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City gets more room to grow

Two new community gardens planned for Kamloops are set to include edible landscape areas similar to this one at McDonald Park.
February 18, 2015 - 2:33 PM


KAMLOOPS - More than 80 new community garden plots are in the works and if approved, we may even see a community orchard, public greenhouse and additional workshops.

Shelaigh Garson, the community garden program coordinator for Interior Community Services, says the city has approved two new locations for community gardens and they are just working out the details.

While there has been interest in many neighbourhoods, and wait lists at all eight established city gardens, only funding for two new ones is set to be approved this year. Garson says they are now working to finalize the details for gardens in both Riverside Park and West Highlands Park in Aberdeen.

The first garden will go in at the west end of Riverside Park, just west of the tennis courts near the Uji Feature Garden and the second will be in the newly developed West Highlands Park in Aberdeen.

The Riverside Park location will feature several smaller, raised plots as well as public garden, food forest and demonstration garden features. She anticipates the community garden plots will be ready to go for April and hopes different groups and organizations will get involved with monthly workshops and demonstrations once the rest of the garden is ready to go.

“We hope to be ready for spring planting, so we’ll develop the garden portion first,” she says, adding there is a shared goal for the overall design. “We really want to promote the sustainability plan.”

West Highlands Park will be a few weeks behind, given the higher elevation and the planning that still needs to be done. Garson has a vision for the park that would include a radial, raised bed design aimed at capturing as much sun as possible, demonstration gardens, a community orchard, central gazebo, passive solar greenhouse and water harvesting techniques that could possibly be transformed into a skating canal in winter.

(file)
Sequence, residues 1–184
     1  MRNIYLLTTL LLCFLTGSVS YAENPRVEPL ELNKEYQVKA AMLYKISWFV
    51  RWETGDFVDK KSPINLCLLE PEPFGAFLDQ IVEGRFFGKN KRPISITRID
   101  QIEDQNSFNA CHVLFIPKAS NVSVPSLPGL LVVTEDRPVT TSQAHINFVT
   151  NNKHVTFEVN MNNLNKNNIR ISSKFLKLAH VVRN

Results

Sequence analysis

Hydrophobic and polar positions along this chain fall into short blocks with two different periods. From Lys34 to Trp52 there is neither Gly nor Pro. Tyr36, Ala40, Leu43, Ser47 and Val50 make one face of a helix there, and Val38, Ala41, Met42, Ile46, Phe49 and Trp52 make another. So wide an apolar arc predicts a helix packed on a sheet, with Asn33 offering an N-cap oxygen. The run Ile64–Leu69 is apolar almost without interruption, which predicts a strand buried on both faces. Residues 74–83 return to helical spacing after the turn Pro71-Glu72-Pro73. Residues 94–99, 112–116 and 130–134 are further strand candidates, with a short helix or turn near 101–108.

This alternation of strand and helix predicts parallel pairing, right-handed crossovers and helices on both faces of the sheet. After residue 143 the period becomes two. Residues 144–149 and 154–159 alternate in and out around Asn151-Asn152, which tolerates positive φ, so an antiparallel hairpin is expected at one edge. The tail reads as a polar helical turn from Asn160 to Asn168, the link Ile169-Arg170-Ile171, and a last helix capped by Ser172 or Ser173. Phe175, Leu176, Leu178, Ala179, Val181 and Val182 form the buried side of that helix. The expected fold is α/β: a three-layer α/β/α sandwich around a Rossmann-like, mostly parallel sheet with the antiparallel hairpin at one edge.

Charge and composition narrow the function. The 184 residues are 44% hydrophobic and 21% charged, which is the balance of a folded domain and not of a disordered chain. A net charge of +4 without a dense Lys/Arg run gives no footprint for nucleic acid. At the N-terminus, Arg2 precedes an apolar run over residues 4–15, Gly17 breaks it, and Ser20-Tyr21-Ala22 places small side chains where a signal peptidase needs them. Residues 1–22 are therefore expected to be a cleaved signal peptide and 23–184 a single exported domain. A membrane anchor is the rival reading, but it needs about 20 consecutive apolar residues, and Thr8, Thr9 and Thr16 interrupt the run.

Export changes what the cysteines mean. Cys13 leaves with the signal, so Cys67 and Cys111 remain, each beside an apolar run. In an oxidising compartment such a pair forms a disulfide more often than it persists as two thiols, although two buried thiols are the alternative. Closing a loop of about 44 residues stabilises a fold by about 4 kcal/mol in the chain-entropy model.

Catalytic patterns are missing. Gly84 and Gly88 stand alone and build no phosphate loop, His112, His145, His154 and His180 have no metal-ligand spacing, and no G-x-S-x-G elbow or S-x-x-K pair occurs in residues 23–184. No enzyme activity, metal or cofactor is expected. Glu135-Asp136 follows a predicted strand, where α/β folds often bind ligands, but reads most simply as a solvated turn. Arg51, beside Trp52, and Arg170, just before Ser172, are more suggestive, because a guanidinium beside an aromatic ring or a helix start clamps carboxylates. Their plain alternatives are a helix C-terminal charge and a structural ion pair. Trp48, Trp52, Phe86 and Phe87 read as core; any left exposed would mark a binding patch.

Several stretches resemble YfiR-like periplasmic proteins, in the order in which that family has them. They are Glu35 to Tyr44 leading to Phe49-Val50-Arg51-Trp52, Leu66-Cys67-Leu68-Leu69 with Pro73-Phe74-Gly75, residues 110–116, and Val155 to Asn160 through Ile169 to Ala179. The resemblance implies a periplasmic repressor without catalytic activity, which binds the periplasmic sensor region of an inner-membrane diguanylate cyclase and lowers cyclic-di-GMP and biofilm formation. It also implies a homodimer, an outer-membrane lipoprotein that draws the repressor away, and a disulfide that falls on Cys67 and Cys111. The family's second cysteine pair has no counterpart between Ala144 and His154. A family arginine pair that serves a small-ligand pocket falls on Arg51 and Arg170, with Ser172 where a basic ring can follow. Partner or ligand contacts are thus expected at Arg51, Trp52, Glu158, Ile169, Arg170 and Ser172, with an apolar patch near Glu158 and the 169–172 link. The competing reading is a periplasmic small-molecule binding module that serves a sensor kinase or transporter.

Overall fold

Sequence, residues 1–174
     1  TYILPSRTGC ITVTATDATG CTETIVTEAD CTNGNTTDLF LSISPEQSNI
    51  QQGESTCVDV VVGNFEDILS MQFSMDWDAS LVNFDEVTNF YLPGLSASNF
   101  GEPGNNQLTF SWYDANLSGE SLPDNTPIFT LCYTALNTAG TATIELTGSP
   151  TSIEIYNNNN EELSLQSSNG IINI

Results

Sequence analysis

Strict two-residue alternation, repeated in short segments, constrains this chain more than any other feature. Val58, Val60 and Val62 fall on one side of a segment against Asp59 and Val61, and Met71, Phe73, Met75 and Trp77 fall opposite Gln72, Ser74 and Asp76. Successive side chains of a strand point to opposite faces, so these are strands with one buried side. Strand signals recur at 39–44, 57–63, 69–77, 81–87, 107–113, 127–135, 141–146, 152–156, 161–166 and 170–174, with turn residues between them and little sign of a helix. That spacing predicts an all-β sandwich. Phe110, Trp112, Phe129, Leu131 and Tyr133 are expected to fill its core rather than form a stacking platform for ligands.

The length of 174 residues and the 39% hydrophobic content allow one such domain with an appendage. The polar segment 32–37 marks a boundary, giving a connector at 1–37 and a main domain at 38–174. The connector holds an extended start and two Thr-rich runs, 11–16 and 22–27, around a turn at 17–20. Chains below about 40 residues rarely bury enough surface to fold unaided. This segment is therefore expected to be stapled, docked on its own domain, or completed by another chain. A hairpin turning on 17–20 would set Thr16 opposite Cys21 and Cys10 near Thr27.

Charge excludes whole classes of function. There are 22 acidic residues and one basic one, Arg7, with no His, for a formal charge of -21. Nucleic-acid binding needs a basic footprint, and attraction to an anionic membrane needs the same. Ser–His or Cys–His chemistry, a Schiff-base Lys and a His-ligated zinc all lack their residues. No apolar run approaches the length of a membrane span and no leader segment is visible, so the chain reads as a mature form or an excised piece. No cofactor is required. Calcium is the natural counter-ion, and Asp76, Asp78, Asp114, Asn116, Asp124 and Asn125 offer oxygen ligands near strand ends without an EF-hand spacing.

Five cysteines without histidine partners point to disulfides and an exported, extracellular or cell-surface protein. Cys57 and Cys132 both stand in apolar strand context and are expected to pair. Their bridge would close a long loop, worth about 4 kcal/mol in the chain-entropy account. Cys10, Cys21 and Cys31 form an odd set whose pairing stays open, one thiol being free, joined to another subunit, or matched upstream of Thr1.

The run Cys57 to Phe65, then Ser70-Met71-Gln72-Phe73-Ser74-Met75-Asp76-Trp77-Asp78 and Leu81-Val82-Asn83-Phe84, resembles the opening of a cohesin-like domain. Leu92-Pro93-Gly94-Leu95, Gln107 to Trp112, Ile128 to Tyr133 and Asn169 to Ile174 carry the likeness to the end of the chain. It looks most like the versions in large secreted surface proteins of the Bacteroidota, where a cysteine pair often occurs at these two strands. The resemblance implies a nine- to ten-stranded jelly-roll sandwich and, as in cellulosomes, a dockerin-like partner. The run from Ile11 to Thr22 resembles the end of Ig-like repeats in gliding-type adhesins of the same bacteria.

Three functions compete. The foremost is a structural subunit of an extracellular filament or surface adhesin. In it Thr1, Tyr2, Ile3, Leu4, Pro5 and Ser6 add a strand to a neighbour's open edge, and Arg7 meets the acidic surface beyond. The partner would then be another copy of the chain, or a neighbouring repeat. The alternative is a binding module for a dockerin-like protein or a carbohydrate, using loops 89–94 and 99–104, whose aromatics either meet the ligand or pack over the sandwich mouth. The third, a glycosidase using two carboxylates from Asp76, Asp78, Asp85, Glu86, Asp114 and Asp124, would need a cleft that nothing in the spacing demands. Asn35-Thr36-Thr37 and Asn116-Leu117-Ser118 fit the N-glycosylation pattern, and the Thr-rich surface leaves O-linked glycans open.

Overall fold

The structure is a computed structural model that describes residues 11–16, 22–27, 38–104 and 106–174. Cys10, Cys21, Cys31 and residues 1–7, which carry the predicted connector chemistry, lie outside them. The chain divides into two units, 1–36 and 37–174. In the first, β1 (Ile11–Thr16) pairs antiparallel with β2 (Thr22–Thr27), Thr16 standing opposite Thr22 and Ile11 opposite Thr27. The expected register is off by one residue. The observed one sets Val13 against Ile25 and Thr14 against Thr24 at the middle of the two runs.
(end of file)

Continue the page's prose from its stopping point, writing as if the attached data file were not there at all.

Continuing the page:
“I want it to be a showcase garden,” she notes of her design plans. “I want to show people how to be more sustainable in their own homes too.”

Garson is meeting with city staff to discuss the final details for the community gardens and then the plans all need final approval from council. She has started accepting names of people interested in securing a plot at the new gardens and registration for the other eight gardens will begin later this month.

Interior Community Services, which runs the day to day operations of all city-owned community gardens, is also looking at expanding significantly over the next while. The group was accepted as a Good Food Organization and support from the program will allow for more educational programming, training and access to resources over the next year and help with applying for federal grants after that.

For more information on the community gardens check out the Facebook page or email Garson at

To contact a reporter for this story, email Jennifer Stahn at or call 250-819-3723. To contact an editor, email or call 250-718-2724.


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